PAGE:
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Higher Prevalence of Sarcopenia Reported in Patients with Rheumatoid Arthritis

The single-center, cross-sectional study assessed chair rise time, gait speed, and grip strength to determine the prevalence of sarcopenia.

Sarcopenia, an age-related loss of muscle mass and depletion of strength and performance, is significantly more common in patients with rheumatoid arthritis (RA) when compared with controls when assessed using the updated European Working Group on Sarcopenia in Older People (EWGSOP2) criteria. Further, the Foundation for the National Institutes of Health (FNIH) definition showed a higher proportion of participants with sarcopenia in individuals with high body mass index (BMI) and fat mass, regardless of RA diagnosis, according to a study published in Rheumatic & Musculoskeletal Diseases.1

“Currently, no consensus definition for sarcopenia exists,” investigators explained. “However, all definitions proposed recently include the assessment of muscle mass and muscle strength, yet different thresholds are being applied to determine these parameters. Hence, the existing data on the prevalence of sarcopenia vary, depending on the definition used and the respective population studied. However, it is well known that sarcopenia increases with advanced age. Whereas the amount of sarcopenia is found to be around 15% in 65 years, it rises up to 40% in 85-year-old healthy ambulatory subjects.”

The single-center, cross-sectional study, performed at the Charité—Universitätsmedizin Berlin, included 289 adult patients with RA. Appendicular lean was measured via dual x-ray absorptiometry and muscle function, including chair rise time, gait speed, and grip strength was assessed. EWGSOP2 and FNIH assessed the prevalence of sarcopenia. Patients with RA were then compared with a cohort of healthy controls (n = 280).

The mean age of patients in the RA cohort was 59 years, 80% were women, the median disease duration was 9 years, and most had a low disease activity score. Among patients with RA, 4.5%, (59.4±11.3 years) were affected by sarcopenia, compared with 0.4% of controls (62.9±11.9 years) by EWGSOP2 definition. Of those with RA, body weight (odds ratio [OR] 0.92, 95% CI 0.86 to 0.97), BMI (OR 0.70, 95% CI 0.57 to 0.87), disease duration (OR 1.08, 95% CI 1.02 to 1.36), current medication with glucocorticoids (OR 5.25, 95% CI 2.14 to 24.18), cumulative dose of prednisone equivalent (OR 1.04, 95% CI 1.02 to 1.05), C reactive protein (CRP) (OR 1.05, 95% CI 1.01 to 1.10), and Health Assessment Questionnaire (HAQ) (OR 2.50, 95% CI 1.27 to 4.86) were associated with a sarcopenia diagnosis.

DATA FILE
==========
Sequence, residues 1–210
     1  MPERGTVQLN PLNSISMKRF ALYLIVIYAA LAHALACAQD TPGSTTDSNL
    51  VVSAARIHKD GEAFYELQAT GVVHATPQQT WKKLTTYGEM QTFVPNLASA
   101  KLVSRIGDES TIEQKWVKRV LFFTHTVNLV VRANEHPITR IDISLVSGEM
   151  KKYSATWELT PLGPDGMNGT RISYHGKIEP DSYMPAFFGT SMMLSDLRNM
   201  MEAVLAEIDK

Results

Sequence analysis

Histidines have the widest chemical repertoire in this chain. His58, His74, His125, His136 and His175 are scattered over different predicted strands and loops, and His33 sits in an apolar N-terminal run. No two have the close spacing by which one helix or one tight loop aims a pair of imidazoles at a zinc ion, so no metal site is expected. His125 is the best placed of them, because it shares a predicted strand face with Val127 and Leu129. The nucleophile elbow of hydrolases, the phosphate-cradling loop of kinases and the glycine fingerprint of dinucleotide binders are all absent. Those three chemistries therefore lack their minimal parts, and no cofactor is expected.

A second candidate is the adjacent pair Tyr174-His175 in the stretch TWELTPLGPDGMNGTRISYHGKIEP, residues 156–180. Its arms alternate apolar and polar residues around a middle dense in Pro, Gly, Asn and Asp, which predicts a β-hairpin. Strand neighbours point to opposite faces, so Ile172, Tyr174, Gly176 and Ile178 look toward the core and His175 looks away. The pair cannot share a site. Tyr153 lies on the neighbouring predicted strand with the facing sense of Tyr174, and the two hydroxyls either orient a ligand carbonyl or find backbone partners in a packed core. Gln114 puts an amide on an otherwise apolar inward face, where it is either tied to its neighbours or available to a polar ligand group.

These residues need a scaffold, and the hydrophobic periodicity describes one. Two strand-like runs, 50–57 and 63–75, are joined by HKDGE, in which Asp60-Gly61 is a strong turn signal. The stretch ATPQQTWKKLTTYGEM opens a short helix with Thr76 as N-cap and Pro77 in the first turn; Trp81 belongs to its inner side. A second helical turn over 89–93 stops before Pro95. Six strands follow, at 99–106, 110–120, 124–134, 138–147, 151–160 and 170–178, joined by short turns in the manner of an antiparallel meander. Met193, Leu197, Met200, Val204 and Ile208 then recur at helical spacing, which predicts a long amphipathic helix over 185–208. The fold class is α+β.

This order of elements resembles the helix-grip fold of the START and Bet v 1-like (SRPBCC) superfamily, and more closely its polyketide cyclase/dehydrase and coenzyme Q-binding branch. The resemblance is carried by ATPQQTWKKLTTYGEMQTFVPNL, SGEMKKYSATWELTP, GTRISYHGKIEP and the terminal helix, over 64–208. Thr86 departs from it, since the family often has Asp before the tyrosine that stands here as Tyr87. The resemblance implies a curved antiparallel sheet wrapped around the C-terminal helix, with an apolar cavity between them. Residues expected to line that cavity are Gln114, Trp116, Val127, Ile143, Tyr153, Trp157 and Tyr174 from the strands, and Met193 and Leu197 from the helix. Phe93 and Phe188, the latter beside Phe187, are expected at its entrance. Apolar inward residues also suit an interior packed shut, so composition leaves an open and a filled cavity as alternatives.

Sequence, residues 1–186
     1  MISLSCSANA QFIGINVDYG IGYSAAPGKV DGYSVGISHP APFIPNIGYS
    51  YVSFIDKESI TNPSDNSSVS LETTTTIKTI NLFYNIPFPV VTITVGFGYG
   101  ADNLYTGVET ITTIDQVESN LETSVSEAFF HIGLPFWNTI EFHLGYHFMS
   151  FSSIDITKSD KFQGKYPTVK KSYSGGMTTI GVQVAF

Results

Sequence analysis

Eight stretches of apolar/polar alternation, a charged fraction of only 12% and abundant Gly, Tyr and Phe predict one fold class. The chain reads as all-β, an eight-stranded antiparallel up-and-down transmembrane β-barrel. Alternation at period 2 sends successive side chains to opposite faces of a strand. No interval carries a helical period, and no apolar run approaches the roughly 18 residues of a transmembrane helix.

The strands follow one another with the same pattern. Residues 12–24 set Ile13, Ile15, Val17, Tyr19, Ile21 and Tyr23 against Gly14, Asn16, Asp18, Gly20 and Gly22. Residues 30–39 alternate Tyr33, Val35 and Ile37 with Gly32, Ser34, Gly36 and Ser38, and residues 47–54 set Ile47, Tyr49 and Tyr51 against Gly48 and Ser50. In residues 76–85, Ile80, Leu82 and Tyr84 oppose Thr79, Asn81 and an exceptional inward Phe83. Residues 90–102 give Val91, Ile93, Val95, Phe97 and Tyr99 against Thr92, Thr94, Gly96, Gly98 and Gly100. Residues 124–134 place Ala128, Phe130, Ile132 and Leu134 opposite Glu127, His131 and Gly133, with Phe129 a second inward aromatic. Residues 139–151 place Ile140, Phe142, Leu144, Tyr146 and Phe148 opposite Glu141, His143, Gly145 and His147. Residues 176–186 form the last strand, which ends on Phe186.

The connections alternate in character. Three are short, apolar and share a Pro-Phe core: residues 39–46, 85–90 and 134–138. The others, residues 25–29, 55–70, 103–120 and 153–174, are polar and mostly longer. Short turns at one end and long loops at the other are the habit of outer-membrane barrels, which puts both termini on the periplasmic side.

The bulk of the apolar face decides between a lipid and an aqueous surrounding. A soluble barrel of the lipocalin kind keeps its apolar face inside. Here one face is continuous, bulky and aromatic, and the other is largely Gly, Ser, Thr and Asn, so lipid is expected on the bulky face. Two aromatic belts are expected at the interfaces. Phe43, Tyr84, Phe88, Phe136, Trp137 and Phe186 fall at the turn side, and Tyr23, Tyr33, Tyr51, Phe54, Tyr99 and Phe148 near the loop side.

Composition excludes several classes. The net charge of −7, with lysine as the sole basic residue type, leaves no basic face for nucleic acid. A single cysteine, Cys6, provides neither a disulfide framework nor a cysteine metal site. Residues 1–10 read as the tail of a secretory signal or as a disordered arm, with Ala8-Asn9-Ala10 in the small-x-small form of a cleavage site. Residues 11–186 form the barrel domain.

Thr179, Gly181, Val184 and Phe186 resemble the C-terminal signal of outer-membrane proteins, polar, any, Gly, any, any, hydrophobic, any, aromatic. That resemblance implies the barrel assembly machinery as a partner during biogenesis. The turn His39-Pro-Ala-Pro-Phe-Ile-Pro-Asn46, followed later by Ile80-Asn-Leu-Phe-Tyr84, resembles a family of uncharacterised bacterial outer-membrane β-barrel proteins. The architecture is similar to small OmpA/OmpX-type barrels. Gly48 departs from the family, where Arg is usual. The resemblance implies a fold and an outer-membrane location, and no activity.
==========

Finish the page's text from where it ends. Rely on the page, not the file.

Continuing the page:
However, when using the FNIH definition, 2.8% of patients with RA and 0.7% of controls were affected by sarcopenia. In these participants, smaller body height (OR 0.75, 95% CI 0.64 to 0.88), higher BMI (OR 1.20, 95% CI 1.02 to 1.41), higher CRP (OR 1.06, 95% CI 1.01 to 1.11), and higher HAQ (OR 2.77, 95% CI 1.17 to 6.59) were linked to sarcopenia.

The cross-sectional design of the study, which did not allow for the determination of a causal relationship between sarcopenia and contributing factors, limited the study. Applying the same criteria to a control group without inflammatory disease showed that patients with RA are more likely to be affected by sarcopenia, low lean mass, and poor muscle function. However, it could not be determined whether patients with joint pain or joint destruction, caused by RA, impacted grip strength. Therefore, assessments may have been influenced by factors unrelated to muscle function. Future studies should evaluate the influence of pain and erosive lesions. Other studies are needed to determine risk factors and cut-off values for muscle mass and muscle function.

“This research is a first step towards a deeper understanding of defining low muscle mass by using different muscle mass indices,” investigators concluded. “The 2 definitions were found to respond differently to the anthropometric characteristics of the cohort, resulting in different rates of prevalence. This shows the importance of a common definition of sarcopenia and the need for reliable methods to determine low muscle mass and the inclusion of muscle function.”

Reference:

Dietzel R, Wiegmann S, Borucki D, et al. Prevalence of sarcopenia in patients with rheumatoid arthritis using the revised EWGSOP2 and the FNIH definition. RMD Open. 2022;8(2):e002600. doi:10.1136/rmdopen-2022-002600